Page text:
ISSN: 2641-2969
Annals of Environmental Science and Toxicology
Research Article       Open pjestcess      Peer-Reviewed

Hospital Antibiotic Wasting and Evaluation of Potential Ecologic Effects

Russell F Mankes1-3* and Charles D Silver4

1Associate Professor (Retired), Center for Neuropharmacology & Neuroscience; Albany Medical College, 47 New Scotland Avenue Albany NY 12208, USA.
2Associate Professor & Responsible Official (Retired), Center for Immunology & Microbial Disease, Albany Medical College, 47 New Scotland Avenue Albany NY 12208, USA.
3Chemical Hygiene Officer (Retired), Department of Environmental Health & Safety (MC-96) Albany Medical Center 43 New Scotland Avenue Albany NY 12208, USA.
4New York City Watershed Inspector General Scientist, New York State Office of the Attorney General, Environmental Protection Bureau, The Capitol, Albany, NY 12224-0341. USA.
“The Office of the New York State Attorney General does not endorse the views expressed in this article. All opinions represent those of Charles D. Silver and not the Attorney General’s Office.”
*Corresponding author: Russell F. Mankes, Ph.D., 141 Mohawk Drive, Schenectady, NY 12303; E-mail: Russell.Mankes@Gmail.com
Received: 09 December, 2015 | Accepted: 29 December, 2016 | Published: 07 January, 2016
Keywords: Antibiotic; Stewardship; Resistance; Waste; Eco toxicity; Wastewater

Cite this as

Mankes RF, Silver CD (2016) Hospital Antibiotic Wasting and Evaluation of Potential Ecologic Effects. Ann Environ Sci Toxicol 1(1): 012-022. DOI: 10.17352/pjest.000003

Drugs in wastewater arise from direct disposal by healthcare facilities among many other sources. We report the wasting of antibiotics (Ab) dispensed at 2 hospitals in Albany, NY during a 2 year period. We consider drug metabolism, excretion, disposal and toxicity to aquatic organisms in strategies for reducing antibiotic waste and impacts on bacterial resistance.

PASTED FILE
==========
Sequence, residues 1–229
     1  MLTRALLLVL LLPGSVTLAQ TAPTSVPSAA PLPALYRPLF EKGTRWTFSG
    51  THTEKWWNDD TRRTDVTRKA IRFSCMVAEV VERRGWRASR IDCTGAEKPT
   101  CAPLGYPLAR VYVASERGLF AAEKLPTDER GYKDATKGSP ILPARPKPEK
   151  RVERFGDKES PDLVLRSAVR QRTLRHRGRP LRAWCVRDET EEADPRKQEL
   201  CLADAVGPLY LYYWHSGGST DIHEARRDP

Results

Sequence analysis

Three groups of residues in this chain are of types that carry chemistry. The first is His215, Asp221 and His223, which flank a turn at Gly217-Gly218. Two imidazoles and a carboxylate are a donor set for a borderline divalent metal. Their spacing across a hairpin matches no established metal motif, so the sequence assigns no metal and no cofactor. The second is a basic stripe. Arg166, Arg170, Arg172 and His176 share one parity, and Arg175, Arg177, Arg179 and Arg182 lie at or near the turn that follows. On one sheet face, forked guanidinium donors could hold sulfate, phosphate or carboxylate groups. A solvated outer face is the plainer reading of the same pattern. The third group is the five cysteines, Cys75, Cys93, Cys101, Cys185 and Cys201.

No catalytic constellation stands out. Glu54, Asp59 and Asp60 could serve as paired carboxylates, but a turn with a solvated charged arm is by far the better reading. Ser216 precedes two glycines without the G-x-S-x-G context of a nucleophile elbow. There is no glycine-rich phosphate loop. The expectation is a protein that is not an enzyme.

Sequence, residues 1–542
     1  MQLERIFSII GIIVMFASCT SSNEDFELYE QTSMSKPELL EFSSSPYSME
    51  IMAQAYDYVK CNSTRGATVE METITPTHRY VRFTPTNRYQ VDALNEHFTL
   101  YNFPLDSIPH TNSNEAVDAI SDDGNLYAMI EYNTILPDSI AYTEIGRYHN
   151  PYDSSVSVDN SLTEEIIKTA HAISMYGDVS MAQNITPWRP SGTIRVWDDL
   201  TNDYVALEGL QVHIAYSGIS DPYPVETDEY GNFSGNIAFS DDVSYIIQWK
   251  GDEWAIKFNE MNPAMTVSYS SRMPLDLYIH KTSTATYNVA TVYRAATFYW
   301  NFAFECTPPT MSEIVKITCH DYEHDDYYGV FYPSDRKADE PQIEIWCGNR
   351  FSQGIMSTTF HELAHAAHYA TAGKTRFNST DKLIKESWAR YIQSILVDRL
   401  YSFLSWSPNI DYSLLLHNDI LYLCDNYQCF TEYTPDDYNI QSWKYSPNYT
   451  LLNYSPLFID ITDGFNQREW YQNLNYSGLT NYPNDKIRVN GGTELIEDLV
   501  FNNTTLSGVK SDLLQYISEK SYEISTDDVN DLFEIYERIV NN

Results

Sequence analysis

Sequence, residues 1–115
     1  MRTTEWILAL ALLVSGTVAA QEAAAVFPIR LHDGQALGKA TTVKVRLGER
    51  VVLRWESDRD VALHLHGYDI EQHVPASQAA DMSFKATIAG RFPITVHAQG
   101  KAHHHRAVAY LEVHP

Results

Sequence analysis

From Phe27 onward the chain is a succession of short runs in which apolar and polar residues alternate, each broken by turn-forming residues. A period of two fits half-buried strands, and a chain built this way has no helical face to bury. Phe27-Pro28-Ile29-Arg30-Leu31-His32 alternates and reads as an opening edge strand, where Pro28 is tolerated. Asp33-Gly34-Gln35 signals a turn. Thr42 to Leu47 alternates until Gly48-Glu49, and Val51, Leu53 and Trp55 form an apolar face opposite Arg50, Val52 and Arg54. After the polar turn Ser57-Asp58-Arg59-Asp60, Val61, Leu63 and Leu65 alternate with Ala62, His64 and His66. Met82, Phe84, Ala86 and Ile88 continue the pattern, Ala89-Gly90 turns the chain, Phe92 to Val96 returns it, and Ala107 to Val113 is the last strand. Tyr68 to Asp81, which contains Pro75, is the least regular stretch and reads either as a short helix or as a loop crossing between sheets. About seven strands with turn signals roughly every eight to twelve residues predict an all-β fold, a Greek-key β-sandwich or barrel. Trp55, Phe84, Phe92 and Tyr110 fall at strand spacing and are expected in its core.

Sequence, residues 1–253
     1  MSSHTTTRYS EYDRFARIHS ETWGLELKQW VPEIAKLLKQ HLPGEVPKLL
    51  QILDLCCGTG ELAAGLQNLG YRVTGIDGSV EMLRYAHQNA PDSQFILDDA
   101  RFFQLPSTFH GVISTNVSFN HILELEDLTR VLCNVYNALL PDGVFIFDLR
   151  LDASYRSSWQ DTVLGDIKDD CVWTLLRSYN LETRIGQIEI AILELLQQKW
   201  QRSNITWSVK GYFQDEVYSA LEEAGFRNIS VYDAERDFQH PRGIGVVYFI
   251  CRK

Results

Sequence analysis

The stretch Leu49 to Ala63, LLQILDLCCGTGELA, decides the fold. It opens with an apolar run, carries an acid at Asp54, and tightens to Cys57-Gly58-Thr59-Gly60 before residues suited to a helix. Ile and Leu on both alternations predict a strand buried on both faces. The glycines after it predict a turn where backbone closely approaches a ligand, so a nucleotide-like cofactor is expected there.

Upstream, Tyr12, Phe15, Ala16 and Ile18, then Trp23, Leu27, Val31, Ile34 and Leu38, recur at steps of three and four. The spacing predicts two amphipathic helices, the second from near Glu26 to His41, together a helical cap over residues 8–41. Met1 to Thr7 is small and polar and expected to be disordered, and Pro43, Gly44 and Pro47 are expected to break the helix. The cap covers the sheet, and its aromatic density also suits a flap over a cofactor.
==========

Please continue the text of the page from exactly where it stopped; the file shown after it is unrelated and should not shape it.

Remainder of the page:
Drug records (12,345) from August, 2008 through April, 2009 included: numbers of drugs dispensed, returned and wasted. Overall, 77 kg of Ab were dispensed but only 1.3 kg were wasted. Six Ab (bacitracin, cefazolin, ceftriaxone, clindamycin, levofloxacin and vancomycin) accounted for 85% (66 kg) of drug dispensed; vancomycin (22 kg) was the most dispensed. Drug wasting as a percent of drug dispensed averaged 1.7% but varied widely. Almost one-half (45%) of the polymyxin B dispensed as a topical ointment was wasted or discarded. Only about 1.6% of vancomycin dispensed was wasted or discarded.

None of the top 4 wasted and only 3 of the top 6 dispensed Ab had Persistence, Bioaccumulation and Toxicity (PBT) Index values or environmental risk ratio (PEC/PNEC) data available. Vancomycin was minimally toxic to invertebrates, fish or green algae. Bacitracin was the most toxic to invertebrates or fish. Cefazolin was essentially non-toxic to green algae. All of the wasted, discarded or dispensed Ab were excreted as parent compound in the urine and or feces of human patients at levels of 10 - 100% of the administered dose.

In healthcare facilities, Ab are disposed by wasting into water or other receptacles. We recommend returning excess drugs to the hospital pharmacy for incineration as the recommended method of disposal. Ab use and dispensing should be monitored according to recognized guidelines of antimicrobial stewardship. Knowledge of the adverse impacts from the release of highly toxic drugs into the environment must influence Ab selection and disposal.

Abbreviations